The Butterfly Effect

There comes a time in the life of every actor when he/she must prove that there is something behind a pretty face. For Charlize Theron, this film was Monster, where she proved beyond a doubt that she could be a powerful actress. Ashton Kutcher wants The Butterfly Effect to be his movie. Kutcher (Cheaper by the Dozen, My Boss's Daughter) is a frequent star of many lesser comedic vehicles, and this is his most serious outing to date. Eric Bress and J. Mackye Gruber (Final Destination 2), who co-wrote and co-directed the film, were initially against Kutcher starring, until he somehow convinced him. In the final cut, Kutcher has a producer credit. How does he do? Not very well. Not too bad though. Kutcher does not come across as Evan Treborn, just as Ashton Kutcher. His personal life has taken somewhat of an upward spiral lately, so he is nearing the point of overexposure. Kutcher the tv star/goofball never manages to become Evan, pysch student who wants to fight for his girl.

The Butterfly Effect takes its name from the seminal example of chaos theory, that a butterfly flapping its wings may cause a hurricane halfway across the world. In other words, complex systems can be unpredictable. But far from coming for a lesson in mathematics, Bress and Mackye wanted to create a densely plotted thriller dealing with time travel. To put the plot in context with the example, changing one event in the past can have humongous consequences in the future. As a child, Evan, among other things, suffered a series of blackouts. His doctor told him to keep journals of all his activities, perhaps spurring memories of what happened during his blackouts. Now in college, Evan discovers that by focusing on his journals, he can go back into the past and change it.

Evan goes back into the past to save his childhood sweetheart Kayleigh (Amy Smart, The Battle of Shaker Heights, Scotland, PA), who commits suicide. Evan revisits child pornography, animal abuse, and a childhood prank gone wrong as he tries to right various wrongs. However, he finds that every time he makes one change, other unforeseen things happen, forcing him to go back and make more changes. He goes from star psych student to frat boy, to murderer, and an armless bitter man. Smart gets it worse, as she goes as high as a sorority girl and as low as a hooker. Bress and Mackye simply take things too far. Their script does make sense, and is reminiscent of Donnie Darko, a film with similar films done much better. Here, the duo insists on making everything extreme and taking things too far. By going all the way instead of restraining themselves, they turn all serious and contemplative moments in The Butterfly Effect into laughs.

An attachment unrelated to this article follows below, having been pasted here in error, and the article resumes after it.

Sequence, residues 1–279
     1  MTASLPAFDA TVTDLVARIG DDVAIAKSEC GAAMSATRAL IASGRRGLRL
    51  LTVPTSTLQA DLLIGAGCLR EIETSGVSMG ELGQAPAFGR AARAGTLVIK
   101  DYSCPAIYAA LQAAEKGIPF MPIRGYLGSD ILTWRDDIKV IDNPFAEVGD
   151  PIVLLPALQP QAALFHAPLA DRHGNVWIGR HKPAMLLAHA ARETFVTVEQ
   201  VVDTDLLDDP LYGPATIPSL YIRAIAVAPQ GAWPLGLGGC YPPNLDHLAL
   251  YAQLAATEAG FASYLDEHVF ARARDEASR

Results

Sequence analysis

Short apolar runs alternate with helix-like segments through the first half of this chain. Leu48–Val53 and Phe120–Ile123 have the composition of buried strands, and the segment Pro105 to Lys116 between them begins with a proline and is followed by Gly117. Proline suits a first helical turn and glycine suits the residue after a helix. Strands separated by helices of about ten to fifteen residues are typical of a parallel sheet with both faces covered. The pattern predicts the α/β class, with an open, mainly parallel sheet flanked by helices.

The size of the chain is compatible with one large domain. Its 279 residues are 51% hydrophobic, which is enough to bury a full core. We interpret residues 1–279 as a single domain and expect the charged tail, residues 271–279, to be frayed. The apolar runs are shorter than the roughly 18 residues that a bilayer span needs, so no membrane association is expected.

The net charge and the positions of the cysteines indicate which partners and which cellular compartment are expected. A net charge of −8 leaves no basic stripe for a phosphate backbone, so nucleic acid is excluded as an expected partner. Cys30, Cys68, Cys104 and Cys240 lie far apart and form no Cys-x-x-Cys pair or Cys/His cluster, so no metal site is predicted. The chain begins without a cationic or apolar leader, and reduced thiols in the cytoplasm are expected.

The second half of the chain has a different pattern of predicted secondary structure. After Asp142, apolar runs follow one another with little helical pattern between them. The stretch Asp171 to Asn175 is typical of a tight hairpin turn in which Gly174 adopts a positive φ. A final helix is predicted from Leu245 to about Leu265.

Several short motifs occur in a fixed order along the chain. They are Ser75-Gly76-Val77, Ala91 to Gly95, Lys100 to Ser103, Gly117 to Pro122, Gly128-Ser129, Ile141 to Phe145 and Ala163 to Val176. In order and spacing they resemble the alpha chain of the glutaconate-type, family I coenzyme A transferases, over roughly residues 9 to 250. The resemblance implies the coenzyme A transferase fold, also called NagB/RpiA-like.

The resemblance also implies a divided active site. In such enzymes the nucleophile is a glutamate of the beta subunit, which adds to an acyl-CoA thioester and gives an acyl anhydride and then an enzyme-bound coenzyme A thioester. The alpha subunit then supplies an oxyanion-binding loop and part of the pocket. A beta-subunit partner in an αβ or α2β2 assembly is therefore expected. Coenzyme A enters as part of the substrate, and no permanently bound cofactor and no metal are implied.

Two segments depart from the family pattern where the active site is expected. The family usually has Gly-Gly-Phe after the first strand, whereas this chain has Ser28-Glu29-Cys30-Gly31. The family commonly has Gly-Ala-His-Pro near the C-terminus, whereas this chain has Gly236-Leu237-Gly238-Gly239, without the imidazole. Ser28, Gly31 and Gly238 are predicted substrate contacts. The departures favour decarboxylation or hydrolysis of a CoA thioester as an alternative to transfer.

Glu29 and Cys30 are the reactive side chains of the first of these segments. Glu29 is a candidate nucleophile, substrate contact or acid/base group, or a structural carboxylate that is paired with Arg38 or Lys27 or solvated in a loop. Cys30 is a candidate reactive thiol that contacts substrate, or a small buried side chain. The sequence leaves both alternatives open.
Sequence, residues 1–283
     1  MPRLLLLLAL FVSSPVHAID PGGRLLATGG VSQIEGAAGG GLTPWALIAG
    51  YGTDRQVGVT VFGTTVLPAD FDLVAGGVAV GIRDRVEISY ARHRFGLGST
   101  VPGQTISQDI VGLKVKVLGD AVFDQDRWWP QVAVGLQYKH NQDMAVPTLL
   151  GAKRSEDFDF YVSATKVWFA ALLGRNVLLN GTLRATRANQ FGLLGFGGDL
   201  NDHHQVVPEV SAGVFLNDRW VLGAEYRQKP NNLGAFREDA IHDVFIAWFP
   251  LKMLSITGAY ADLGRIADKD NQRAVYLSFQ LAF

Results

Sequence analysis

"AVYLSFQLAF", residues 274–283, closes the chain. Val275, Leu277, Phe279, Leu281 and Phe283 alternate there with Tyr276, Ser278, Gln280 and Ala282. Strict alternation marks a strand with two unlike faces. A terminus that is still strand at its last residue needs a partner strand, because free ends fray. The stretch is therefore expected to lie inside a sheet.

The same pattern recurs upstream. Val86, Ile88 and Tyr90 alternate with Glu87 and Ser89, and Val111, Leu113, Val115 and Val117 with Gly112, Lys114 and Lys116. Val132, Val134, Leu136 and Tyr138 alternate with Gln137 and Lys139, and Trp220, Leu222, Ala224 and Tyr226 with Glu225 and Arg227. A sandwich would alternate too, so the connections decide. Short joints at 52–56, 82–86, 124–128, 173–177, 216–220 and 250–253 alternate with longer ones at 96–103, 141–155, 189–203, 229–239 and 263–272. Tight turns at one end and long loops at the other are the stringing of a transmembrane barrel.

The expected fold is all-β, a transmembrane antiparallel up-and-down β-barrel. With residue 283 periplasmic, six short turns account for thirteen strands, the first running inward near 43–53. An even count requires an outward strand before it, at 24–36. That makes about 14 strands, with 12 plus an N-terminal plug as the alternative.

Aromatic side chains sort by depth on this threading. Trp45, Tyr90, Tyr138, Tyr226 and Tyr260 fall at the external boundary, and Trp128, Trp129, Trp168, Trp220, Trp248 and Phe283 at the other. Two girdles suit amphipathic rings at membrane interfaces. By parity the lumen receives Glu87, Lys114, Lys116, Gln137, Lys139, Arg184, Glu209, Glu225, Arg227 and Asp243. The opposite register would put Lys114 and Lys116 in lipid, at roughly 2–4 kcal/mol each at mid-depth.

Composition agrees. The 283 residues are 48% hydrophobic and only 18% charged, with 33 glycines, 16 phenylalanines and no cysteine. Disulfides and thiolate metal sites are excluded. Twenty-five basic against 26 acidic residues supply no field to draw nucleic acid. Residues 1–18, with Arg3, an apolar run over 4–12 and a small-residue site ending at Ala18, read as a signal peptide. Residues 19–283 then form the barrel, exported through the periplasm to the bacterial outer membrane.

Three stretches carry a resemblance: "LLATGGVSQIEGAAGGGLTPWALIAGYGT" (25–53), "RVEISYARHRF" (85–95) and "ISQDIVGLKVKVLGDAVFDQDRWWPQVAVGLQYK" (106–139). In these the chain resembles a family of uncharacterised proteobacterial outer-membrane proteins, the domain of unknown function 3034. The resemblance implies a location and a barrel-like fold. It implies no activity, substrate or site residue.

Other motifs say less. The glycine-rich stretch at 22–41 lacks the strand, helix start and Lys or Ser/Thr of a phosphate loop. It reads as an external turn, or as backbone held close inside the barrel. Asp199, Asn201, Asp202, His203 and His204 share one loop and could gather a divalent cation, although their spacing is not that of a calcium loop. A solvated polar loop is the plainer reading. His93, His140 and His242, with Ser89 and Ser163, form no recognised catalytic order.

Oddly enough, it is Elden Henson (The Battle of Shaker Heights, Dumb and Dumberer) who emerges as a convincing dramatic actor. Henson, because of his stocky build and his looks, usually is some sort of bully in his films. This is one of the first times he is not. He has a chance to play a normal college kid and a bitter institutionalized teen, and, unlike Kutcher, he pulls it off. Unfortunately for both of them, both their characters are in dire need of a good haircut. The other characters fall victim to Bress and Mackye's overindulgence in all things. Ethan Suplee (Cold Mountain, John Q.) is a sometime Goth roommate of Evan, and William Lee Scott (Dumb and Dumberer, Identity) is Kayleigh's psychotic brother. The only other actor to come off relatively unscathed is John Patrick Amedori (Unbreakable), who plays Evan at 13. Amedori has to deal with all sorts of things happening around him that he has no memory of. It's pretty sad when, out of two actors playing the same person (albeit at different ages), the one with much less experience and no expectations does a better job than the star, who wants his credibility to hinge on this film.

Haro Rates It: Not That Good.
1 hour, 53 minutes, Rated R for violence, sexual content, language, and brief drug use.

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